Anyone who followed the progress of agriculture in India during the last fifty years should be very familiar with the name of Prof. M.S. Swaminathan and the distinguished service performed by him. Indeed, he is also known widely as the “Father of Green Revolution” in India and abroad. His name is synonymous with the history of agriculture and food production in India.

He was one of three people from India included in TIME Magazine's 1999 list of the "20 most influential Asian people of the 20th century", the other two being Mahatma Gandhi and Rabindranath Tagore. He is the recipient of numerous awards and honors. Only a few are mentioned here: UNEP Sasakawa Environment Prize Laureate for outstanding contributions to the protection and management of the environment. Co - winner with Paul and Anne Ehrlich 1994 prize. The Tyler Prize for Environmental Achievement, Honda Prize, for achieving outstanding results in the field of ecotechnology, 1991, Padma Vibhushan 1989 World Food Prize for advancing human development through increased quantity, quality or accessibility of food, 1987 , Golden Heart Presidential Award of the Philippines, conferred by President Corazon Aquino , Albert Einstein World Science Award by the World Cultural Council for research which has brought true benefit and well being, Norman Borlaug Award, given by Coromandel Fertilizers in profound appreciation of his catalytic role in providing deep insights and inspiring fellow scientists to set goals ... for evolving a strategy for agriculture rooted in science, but tempered by a concern for ecology and human values, Ramon Magsaysay Award for Community Leadership 1971. He holds 58 honorary Doctorate degrees from universities around the world. He is a Fellow of the Royal Society of London and a Foreign Associate of many academies of the world including those of the United States.

On the occasion of Dr. Norman Borlaug's receipt of the Nobel Peace Prize in 1970, he said of Dr. Swaminathan: "The green revolution has been a team effort and much of the credit for its spectacular development must go to Indian officials, Organizations, Scientists and farmers. However, to you, Dr. Swaminathan, a great deal of the credit must go for first recognizing the potential value of the Mexican dwarfs. Had this not occurred, it is quite possible that there would not have been a green revolution in Asia.

On the occasion of the presentation of the First World Food Prize to Dr. Swaminathan in October 1987, Mr. Javier Perez de Cuellar - Secretary General of the United Nations, wrote: "Dr. Swaminathan is a living legend. His contributions to Agricultural Science have made an indelible mark on food production in India and elsewhere in the developing world. By any standards, he will go into the annals of history as a world scientist of rare distinction".
Swaminathan has been described by the United Nations Environment Programme as "the Father of Economic Ecology".

Science and Sustainable Food Security is a compilation of 28 research papers, articles and special addresses by M.S. Swaminathan which were published in international journals and other publications. The years of publication of these papers range from 1954 to 2007.

The papers cover an impressive range of subjects, those in pure science discussing methods and discoveries in plant hybridization to international concerns in food and water security. The most important subject which occupied Swaminathan’s attention in recent years, “Evergreen Revolution”, receives special attention. The term “Green Revolution” itself was coined in 1968 to indicate revolutionary improvements in crop yield in several Asian countries. After a brief review of the earlier methods, which were not successful in increasing crop yields, Swaminathan narrates the steps leading to the beginnings of “Green Revolution”. Swaminathan joined the Indian Agricultural Research Institute (IARI) in 1954 and immediately started a research programme for developing non-lodging, fertilizer-responsive varieties of wheat.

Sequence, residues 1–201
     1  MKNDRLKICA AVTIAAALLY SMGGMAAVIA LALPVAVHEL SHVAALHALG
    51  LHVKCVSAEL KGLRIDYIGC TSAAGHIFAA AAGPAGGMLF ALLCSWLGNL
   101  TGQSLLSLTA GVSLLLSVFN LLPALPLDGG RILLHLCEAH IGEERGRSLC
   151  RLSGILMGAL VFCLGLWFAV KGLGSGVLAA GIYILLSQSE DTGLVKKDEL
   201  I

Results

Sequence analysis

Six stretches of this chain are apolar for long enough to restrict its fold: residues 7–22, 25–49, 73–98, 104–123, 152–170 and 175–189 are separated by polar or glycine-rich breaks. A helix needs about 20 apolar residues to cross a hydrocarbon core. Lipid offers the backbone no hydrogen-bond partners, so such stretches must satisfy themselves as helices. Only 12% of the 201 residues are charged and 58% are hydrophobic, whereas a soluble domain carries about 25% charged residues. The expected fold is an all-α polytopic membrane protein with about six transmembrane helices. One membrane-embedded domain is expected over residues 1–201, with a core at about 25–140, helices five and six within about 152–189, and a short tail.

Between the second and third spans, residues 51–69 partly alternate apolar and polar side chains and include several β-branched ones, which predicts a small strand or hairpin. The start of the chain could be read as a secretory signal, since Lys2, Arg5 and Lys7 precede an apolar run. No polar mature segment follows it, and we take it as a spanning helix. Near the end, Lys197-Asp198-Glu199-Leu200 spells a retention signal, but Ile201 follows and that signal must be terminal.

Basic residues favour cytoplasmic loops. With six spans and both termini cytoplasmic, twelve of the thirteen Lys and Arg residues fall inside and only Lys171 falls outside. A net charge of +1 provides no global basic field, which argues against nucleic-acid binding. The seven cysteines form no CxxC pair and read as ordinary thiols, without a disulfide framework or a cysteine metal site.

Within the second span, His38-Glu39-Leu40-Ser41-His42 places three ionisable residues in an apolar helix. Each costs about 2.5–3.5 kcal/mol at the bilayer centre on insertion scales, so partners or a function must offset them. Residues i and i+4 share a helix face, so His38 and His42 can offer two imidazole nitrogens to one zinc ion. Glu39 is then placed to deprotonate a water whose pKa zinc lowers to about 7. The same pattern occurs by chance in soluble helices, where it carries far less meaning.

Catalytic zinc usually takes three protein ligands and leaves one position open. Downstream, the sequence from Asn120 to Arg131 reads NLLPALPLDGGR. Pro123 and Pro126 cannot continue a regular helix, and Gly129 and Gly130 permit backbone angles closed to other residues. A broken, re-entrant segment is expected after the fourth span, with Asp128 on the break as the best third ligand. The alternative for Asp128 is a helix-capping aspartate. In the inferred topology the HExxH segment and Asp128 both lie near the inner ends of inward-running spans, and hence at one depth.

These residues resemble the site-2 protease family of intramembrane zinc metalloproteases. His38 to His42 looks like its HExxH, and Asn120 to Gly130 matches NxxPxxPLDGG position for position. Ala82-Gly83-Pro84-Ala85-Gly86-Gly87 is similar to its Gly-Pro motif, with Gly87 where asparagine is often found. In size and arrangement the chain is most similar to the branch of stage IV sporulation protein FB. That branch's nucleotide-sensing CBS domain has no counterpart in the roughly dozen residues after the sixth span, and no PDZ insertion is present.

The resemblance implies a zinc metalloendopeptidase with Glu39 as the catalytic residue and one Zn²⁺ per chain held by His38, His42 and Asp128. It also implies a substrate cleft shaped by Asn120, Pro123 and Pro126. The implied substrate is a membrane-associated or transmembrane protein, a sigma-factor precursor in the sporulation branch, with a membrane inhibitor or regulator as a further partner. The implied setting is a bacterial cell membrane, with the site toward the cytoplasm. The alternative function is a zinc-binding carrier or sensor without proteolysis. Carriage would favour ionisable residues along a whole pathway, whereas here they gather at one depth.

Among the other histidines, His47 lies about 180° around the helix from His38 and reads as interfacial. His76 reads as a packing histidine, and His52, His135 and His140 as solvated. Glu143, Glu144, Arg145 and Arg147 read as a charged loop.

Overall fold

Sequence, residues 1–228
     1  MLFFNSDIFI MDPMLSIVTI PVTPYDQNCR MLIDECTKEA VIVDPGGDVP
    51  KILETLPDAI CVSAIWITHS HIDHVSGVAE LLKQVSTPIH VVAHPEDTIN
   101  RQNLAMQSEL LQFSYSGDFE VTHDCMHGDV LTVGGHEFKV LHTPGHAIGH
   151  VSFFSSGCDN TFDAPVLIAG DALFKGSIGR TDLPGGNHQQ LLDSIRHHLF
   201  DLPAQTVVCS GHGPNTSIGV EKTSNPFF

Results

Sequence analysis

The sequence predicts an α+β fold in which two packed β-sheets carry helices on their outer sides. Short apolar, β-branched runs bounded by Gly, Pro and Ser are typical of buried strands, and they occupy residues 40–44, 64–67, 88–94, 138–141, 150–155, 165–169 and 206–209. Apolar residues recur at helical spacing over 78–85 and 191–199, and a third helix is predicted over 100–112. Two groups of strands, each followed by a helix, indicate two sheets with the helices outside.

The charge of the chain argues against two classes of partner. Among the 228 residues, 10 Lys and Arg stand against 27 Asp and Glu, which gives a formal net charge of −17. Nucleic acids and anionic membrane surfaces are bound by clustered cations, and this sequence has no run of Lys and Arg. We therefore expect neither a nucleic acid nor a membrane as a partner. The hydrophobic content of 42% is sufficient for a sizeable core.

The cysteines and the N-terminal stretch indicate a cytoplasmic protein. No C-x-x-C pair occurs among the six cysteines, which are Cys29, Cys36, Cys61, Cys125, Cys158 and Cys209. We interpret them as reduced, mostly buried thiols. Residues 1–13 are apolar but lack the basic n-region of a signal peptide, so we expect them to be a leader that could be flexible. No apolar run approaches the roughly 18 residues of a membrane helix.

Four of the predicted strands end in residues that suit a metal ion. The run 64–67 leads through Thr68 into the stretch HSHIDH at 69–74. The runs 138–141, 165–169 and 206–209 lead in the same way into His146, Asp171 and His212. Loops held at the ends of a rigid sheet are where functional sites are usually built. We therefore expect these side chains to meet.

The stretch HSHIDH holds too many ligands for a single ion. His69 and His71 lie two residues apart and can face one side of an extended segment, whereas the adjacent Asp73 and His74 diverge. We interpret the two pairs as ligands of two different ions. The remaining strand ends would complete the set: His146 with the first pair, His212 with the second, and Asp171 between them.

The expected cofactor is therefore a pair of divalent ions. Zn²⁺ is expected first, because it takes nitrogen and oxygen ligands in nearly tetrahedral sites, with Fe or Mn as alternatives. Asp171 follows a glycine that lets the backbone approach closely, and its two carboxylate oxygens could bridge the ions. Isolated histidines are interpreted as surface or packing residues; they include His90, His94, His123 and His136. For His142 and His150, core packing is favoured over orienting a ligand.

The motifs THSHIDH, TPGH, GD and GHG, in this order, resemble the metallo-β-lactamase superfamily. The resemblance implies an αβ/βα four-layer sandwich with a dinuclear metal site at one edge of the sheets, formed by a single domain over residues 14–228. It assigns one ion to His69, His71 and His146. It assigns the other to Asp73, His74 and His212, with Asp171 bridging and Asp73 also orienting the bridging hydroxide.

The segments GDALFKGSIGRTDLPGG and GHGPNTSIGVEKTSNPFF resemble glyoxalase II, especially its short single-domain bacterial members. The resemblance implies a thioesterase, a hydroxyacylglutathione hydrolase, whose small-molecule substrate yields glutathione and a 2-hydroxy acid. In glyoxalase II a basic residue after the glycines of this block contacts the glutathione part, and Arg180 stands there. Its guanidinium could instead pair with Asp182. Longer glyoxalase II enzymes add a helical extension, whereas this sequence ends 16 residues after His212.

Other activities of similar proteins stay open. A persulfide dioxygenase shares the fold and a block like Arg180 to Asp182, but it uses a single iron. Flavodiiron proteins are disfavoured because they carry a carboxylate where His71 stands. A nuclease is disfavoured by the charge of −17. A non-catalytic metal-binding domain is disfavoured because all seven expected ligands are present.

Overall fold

During the late 1950s, Dr. Orville Vogel of the United States published reports on the transfer of dwarfing genes to North American winter wheats. He sent seeds of Gaines, a semi-dwarf winter wheat, to India. In March 1962, a few dwarf spring wheat strains were grown in IARI experimental plots. These plants were shorter in height but produced many more grains. Shortly afterwards, in September 1963, Dr. Norman Borlaug sent a wide range of semi-dwarf wheats, which provided the material for much higher crop yields in the following years. In the following years, Swaminathan writes, “when small farmers harvested over five tones of wheat per hectare, the impact on the minds of other farmers was electric. The clamour for seeds began.. and the small government programme had become a mass movement.” That was the beginning of India’s “Green Revolution”. Wheat production in India rose from 10 million tones in 1964 to 17 million in 1968.

However, today the focus is on “Ever-Green Revolution”, a term coined by Swaminathan to emphasize the need for improving productivity in perpetuity without associated ecological harm. It is based on a paradigm shift from a commodity centred to a farming system centred approach in technology development and dissemination. As Swaminathan noted, “It involves attention to Integrated Natural Resources Management.”

It is impressive to view progress in Indian agriculture during the last fifty years through Swaminathan’s selected papers as he has been the central figure and the driving force which provided much impetus for this progress.


The Adoption and Diffusion of GM Crops In United States: A Real Option Approach

- Scandizzo, P.L., & Savastano, S. (2010). AgBioForum, 13(2), 142-157. Full paper at http://www.agbioforum.org/v13n2/v13n2a06-savastano.htm